Be very careful with your detergent use, and make sure to check composition thoroughly. The EPA gets really irritable about violations of the Clean Water Act and can slap down heavy fines if you’re not careful about wastewater discharge. Safe discharge and compliance with the Clean Water Act can take up a whole article unto itself, so we won’t get into that now, but it’s important to be aware of that potential legal wrinkle if you’re using detergents in your pressure washing.

If you’re using chemicals, discharge into a sanitary sewer. Most storm drains go out into a body of water without any treatment, so discharging into a storm drain is effectively discharging into a federal watercourse, which will get the EPA on your case. A sanitary sewer passes through a treatment plant. Check with your client and with the city to be absolutely sure of discharge methods.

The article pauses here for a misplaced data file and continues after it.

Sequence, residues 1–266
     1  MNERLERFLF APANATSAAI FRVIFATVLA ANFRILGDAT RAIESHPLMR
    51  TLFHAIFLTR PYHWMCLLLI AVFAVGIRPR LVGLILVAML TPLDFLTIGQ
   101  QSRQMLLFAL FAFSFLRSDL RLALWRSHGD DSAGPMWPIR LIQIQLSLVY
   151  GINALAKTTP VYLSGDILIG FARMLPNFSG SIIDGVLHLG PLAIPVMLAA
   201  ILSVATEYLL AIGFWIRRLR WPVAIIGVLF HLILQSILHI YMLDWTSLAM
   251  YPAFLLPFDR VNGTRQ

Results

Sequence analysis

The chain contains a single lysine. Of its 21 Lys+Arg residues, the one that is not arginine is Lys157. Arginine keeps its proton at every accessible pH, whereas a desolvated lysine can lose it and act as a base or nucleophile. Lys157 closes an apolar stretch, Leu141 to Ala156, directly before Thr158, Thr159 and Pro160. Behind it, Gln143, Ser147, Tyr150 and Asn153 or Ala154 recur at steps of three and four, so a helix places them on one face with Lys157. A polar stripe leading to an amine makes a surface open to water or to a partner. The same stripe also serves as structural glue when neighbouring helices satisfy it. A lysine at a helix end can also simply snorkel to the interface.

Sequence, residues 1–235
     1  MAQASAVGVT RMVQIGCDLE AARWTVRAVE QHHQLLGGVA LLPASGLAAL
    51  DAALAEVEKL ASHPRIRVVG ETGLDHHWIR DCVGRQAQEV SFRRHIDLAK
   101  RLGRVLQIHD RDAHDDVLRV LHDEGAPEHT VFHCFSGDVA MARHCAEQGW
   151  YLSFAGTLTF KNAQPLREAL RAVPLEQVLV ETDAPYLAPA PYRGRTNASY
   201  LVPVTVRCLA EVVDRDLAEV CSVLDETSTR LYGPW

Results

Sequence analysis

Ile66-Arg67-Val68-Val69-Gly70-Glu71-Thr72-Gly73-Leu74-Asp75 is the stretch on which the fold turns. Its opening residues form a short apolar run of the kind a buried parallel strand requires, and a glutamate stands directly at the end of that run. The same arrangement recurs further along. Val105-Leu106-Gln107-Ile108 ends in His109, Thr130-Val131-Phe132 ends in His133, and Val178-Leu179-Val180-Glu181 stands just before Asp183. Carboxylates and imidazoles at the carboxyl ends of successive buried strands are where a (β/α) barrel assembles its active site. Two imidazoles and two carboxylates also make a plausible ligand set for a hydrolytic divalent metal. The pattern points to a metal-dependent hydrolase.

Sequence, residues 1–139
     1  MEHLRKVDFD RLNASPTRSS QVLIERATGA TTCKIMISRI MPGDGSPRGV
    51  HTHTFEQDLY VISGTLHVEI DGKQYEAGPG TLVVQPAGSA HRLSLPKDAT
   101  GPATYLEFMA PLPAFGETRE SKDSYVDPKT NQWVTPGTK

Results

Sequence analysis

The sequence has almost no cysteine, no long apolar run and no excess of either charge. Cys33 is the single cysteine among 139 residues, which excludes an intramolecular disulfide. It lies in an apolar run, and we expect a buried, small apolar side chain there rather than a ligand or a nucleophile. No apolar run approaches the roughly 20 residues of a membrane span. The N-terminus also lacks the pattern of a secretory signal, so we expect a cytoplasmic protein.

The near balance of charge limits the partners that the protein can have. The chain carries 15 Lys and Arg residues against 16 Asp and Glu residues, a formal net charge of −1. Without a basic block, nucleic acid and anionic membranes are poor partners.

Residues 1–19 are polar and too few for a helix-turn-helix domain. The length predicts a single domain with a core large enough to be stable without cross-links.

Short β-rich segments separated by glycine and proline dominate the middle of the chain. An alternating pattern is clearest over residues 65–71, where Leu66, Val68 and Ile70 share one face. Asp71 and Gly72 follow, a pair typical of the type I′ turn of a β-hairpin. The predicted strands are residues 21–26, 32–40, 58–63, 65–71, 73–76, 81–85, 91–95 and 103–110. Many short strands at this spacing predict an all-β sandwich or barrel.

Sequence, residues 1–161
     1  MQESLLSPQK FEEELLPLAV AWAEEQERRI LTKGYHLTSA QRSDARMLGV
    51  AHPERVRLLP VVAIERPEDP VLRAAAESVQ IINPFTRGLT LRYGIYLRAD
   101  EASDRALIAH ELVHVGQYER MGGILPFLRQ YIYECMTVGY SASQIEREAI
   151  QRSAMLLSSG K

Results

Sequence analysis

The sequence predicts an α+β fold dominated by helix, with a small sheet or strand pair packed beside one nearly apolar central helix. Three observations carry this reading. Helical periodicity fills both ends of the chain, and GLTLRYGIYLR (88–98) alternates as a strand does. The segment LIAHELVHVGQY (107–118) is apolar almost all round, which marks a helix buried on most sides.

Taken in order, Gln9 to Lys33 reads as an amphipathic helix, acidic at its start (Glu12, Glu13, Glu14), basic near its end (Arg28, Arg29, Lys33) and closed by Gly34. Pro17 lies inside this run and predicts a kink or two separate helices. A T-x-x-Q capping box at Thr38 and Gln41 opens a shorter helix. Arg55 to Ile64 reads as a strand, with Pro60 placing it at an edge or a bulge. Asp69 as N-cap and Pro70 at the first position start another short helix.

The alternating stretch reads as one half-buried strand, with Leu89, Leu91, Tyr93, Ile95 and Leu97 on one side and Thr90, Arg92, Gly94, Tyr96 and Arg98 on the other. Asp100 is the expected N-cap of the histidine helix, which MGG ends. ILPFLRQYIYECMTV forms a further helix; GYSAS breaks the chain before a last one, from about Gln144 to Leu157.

Detergents are a powerful tool in your array of cleaning implements. You can take on even the most unsightly and the long-lasting stains with the right cleaning solution at your side. Coupled with the sheer power of a pressure washer, nothing is ever too much for you to clean out. Whether you’re dealing with houses, bulldozers, cars, or a greasy shop floor, there’s a solution for every situation. And if in doubt, just bring out the all-purpose cleaner.

Richard Allen